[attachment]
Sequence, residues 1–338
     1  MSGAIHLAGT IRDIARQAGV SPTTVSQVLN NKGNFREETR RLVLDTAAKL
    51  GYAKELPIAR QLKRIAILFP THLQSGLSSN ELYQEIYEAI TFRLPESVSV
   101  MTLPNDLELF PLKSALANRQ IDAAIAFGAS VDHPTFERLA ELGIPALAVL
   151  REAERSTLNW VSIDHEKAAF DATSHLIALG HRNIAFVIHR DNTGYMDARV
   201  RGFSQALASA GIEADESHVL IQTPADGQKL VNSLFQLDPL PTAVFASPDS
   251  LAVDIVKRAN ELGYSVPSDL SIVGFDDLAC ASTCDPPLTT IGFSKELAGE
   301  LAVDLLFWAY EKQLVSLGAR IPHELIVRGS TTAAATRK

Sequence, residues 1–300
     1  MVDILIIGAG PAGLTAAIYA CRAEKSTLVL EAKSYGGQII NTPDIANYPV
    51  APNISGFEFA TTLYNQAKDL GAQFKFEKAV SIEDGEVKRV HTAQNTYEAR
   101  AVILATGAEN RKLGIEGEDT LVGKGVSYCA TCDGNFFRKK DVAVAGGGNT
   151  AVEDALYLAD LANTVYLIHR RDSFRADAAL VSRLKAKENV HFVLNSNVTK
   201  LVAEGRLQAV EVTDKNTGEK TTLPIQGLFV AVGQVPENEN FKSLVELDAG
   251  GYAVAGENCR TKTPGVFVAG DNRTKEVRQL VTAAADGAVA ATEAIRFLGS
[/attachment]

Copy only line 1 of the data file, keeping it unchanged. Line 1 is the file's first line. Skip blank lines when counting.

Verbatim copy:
Sequence, residues 1–338